Former Intelligence Official Leaks Details Of NSA's Hack Of French Presidential Network

from the looselips.avi dept

The latest leak about the NSA’s overseas spying transgressions took the unlikely form of a little-noticed YouTube video — one that covered mostly-wonkish subject matter. The details of the NSA’s malware attack on the French “White House” were revealed during an interview with Bernard Barbier, the former head of the French Intelligence Service, by a local engineering school. The video, of course, has since been removed, but not before French paper Le Monde picked up on the content of the interview.

Matt Suiche parses it all out — an inadvertent confirmation of a Snowden document leaked in 2013 that contained an itinerary item about a discussion between French and US intelligence officials concerning a (at that time “alleged”) “May 2012 cyber attack on the French Presidential network.”

Sure, spies are known for spying on foreign governments. But allied countries were supposed to keep this sort of non-brotherly spying to a minimum. The former head of the French Intelligence Agency described the meeting this way:

“I received the order from the successor of Mr Sarkozy (Francois Hollande) to go in the U.S. to shout at them. We were sure it was them. At the end of the meeting, Keith Alexander (Director of the NSA) was not happy. When we were in the bus, he told me he was disappointed because he never thought we would detect them and he even added “You guys are good”. The major Allied Powers, we do not spy on them. The fact the U.S. broke this rule was a shock”?

Note that Keith Alexander wasn’t sorry the NSA had breached international spy agency decorum, much less attacked the presidential network of a foreign ally. He was only sorry his agency had been caught — and by a comparatively-unpowered agency at that.

Barbier notes elsewhere in his interview that the agency that sniffed out the NSA intrusion did it with 1/20th of the workforce and 1/40th of the budget. The NSA, in his view, is an argument against government bloat. More dollars do not equate to better spying. Indiscriminate targeting and even more indiscriminate collecting lead to a lot of analyst busywork.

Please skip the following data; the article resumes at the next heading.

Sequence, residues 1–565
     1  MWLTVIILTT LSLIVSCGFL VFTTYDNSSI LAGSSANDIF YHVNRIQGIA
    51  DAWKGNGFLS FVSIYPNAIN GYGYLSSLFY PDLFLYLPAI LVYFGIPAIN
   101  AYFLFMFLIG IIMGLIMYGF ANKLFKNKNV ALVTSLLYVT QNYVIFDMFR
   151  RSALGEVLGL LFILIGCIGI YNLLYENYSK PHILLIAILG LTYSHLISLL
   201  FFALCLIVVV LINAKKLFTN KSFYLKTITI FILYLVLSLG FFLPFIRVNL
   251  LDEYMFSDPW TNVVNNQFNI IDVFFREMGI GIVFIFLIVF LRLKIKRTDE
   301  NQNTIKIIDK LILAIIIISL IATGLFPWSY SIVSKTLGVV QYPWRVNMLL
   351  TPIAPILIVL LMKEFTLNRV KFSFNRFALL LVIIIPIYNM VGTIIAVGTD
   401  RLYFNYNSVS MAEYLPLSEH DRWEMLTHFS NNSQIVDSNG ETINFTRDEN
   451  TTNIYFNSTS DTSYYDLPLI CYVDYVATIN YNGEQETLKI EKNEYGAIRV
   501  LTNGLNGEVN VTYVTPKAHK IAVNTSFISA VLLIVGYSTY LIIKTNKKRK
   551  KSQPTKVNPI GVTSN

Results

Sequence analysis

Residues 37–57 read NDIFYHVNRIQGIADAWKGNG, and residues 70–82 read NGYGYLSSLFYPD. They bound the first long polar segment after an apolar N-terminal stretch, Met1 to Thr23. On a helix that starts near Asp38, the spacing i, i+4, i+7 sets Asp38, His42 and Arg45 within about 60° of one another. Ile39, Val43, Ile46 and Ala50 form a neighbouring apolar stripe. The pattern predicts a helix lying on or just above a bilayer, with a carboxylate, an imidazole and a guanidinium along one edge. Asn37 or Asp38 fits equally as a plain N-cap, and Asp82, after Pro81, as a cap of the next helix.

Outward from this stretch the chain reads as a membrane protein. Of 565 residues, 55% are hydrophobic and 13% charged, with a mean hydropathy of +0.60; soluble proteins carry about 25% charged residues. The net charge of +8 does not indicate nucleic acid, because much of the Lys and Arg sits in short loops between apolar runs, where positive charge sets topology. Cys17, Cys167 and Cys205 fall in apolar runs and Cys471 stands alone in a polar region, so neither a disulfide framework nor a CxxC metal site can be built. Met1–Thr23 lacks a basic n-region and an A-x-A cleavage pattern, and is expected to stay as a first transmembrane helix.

Despite this disagreement over NSA hacking, it appears Keith Alexander found some common ground with the head of French Intelligence. One of the things the NSA does with the data it collects is kill. France is apparently using its collections the same way.

Another surreal part is when Keith Alexander told Bernard Barbier about the “Find & Fire” projects they have in Iraq to identify (within a 7km radius) & eliminate bad guys with drones. So apparently France is working on similar technologies as Barbier managed to convinced them to do the same…

So, there’s that. Even if spy agencies can’t agree on the propriety of snooping on world neighbors, at least they both believe metadata is an indispensable part of their respective extrajudicial killing programs.

And, given the nature of this leak, both agencies will probably be taking a closer look at the non-disclosure agreements foisted upon departing employees.

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Comments on “Former Intelligence Official Leaks Details Of NSA's Hack Of French Presidential Network”

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16 Comments
Daydream says:

The truth about the NSA: Wizards!

The truth is, the NSA is so oversized and bloated because it needs the manpower; they’re one of the top agencies involved in hiding the wizarding world from muggles today.

No, really! Why do you think they’re after so much data?
It’s not spying for terrorists, it’s a massive system to intercept and ‘accidentally’ vanish videos and posts about magical incidents before they can spread!

anla (profile) says:

Not that small

The article claims that France’s intelligence services are “a comparatively-unpowered agency”

That would depend on the meaning of the word “comparatively” If we’re talking the number of people employed in the US intelligence sector vs. the French intelligence sector, then it is true.

The French intelligence sector generally operates under less legal restrictions and less oversight restrictions than their US counterparts.

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